The former Entertainment Weekly writer, who played a key role in developing EW's approach to television coverage, has died at the age of 54.

By Kristen Baldwin and Dan Snierson
July 06, 2020 at 05:34 PM EDT
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Bruce Fretts
Credit: Roy Rochlin/Getty Images

Bruce Fretts had a great laugh. It started as a low-key chuckle, accompanied by a sheepish grin that showed off his dimples. Something would have to be really funny — Wayne Knight as Newman on Seinfeld, say — for it to develop into a full-fledged, open-mouthed guffaw. Pop culture didn't just make him laugh, though; it made him go.

Today, we at Entertainment Weekly are mourning the loss of a godfather of EW’s TV coverage, a key player in the magazine’s three-decade history, and an all-around good-natured, big-hearted soul.

As a critic at EW from 1991-2003, Bruce Fretts — who died at the age of 54 on Friday — played a pivotal role in developing EW’s approach to television coverage with his in-depth reporting, discerning analysis, and incisive wit. Bruce was also crucial in defining EW’s voice in its early days; if you read something funny about a TV show in EW during the ‘90s, there’s a very good chance that Bruce wrote it.

Bruce penned cover stories on shows such as Friends and Baywatch; profiled celebrities including Harrison Ford, Howard Stern, and James Garner; and declared that TV was empirically better than movies back in 1995 — way before that sentiment was popular. And when EW made its first foray into books, it was Bruce who wrote the best-selling The Entertainment Weekly Seinfeld Companion. He had a calming, easy-going air about him, and he put everyone, including big stars, at ease. This made him an effective interviewer. (“I hate the monkey,” Friends star David Schwimmer famously told him in 1995.)

In addition to his love of the Mets, the Redskins, and Pez dispensers, Bruce was enamored with the best of the small screen, becoming a steadfast champion of high-quality, low-rated shows such as Freaks and Geeks, Homicide: Life on the Street, NewsRadio, and Everybody Loves Raymond. (Raymond wasn’t actually a hit in its first two seasons, but Bruce’s persistent quality-television-over-here! alerts surely played a small role in the series widening its audience.) Pity the shows coasting on ratings or name power (Coach, According to Jim, Veronica's Closet, or any NBC filler on Must-See Thursday in the '90s) that were taking up valuable space on the broadcast network schedule, for they would find themselves targets of Bruce's cutting wit.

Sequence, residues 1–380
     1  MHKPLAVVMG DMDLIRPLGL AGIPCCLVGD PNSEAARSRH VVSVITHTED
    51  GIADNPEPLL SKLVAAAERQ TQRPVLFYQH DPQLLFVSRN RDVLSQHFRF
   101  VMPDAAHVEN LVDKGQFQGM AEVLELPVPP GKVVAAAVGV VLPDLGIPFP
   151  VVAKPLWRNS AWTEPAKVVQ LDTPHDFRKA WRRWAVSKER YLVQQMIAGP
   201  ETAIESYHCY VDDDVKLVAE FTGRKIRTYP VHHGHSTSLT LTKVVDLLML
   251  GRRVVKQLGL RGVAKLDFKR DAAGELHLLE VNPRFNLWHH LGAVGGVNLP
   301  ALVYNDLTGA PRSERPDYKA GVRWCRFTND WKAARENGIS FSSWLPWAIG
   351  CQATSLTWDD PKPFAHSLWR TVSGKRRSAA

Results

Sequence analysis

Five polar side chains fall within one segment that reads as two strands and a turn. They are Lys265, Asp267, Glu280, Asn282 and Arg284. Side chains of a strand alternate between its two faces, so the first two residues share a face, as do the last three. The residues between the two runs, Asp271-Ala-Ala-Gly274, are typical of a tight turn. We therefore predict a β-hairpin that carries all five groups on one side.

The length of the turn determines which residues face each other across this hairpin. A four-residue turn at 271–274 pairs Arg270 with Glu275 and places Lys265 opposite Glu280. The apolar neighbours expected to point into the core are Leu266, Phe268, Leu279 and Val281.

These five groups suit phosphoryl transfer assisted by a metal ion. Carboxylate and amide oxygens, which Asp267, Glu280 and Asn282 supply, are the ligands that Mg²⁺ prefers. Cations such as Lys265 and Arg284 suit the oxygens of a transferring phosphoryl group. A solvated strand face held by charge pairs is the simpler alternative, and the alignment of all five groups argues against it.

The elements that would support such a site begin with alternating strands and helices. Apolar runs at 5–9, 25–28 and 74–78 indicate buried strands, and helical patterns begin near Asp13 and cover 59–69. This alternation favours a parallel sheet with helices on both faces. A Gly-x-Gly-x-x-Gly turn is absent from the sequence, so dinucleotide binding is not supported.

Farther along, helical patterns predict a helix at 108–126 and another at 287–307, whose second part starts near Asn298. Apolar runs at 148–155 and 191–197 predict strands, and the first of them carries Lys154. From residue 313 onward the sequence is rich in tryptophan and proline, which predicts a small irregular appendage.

His humor was always on full display in EW’s annual Fall TV preview, an issue of which Bruce often wrote the lion’s share. One year, a Walker, Texas Ranger producer was quoted as saying that the coming season of the CBS action drama would bring "a different Walker than anyone's ever seen — it's a real tearjerker… There's two words I want to put together — that's Walker and Emmy." Bruce’s obliging punchline? “Okay, how about this: Walker will never win an Emmy.” When ABC’s lackluster Ryan Reynolds sitcom Two Guys, a Girl and a Pizza Place rebranded itself as Two Guys, Bruce summed up the attempt at reinvention perfectly: "Two Guys remains the Domino's of sitcoms: The best thing about it is that it's done in 30 minutes."

Bruce didn’t just champion pop culture projects, he also championed many young writers at the magazine. He was a generous mentor, taking pride in helping to develop the younger EW scribes. His tastes were varied and unexpected, and his knowledge was even more extensive. While he wrote authoritatively on shows as a critic, Bruce also offered up astute stories on scheduling, pilot season, and, of course, ratings (his "Winners and Losers" articles were clear-eyed examinations of what was — and wasn’t — working on TV). Bruce always had another story to tell, which is one of the many reasons that his "Remote Patrol" columns were a must-read.

After leaving EW in 2003, Bruce remained a prolific writer and editor, first working at TV Guide, where he assumed the reins of the Cheers and Jeers column, and later as an editor for Closer Weekly. Up until his death, he contributed to a wide range of outlets, including The New York Times, Time, Fast Company, Emmy Magazine, and WBGO (as a TV critic). But for Bruce, his greatest achievement was his two wonderful children, Olive and Jed, of whom he was immensely proud.

Thank you, Bruce, for the words, the laughs, and the counsel. You will be missed. You won't be forgotten.

In lieu of flowers, donations can be made in Bruce's memory to the Children’s Inn at NIH.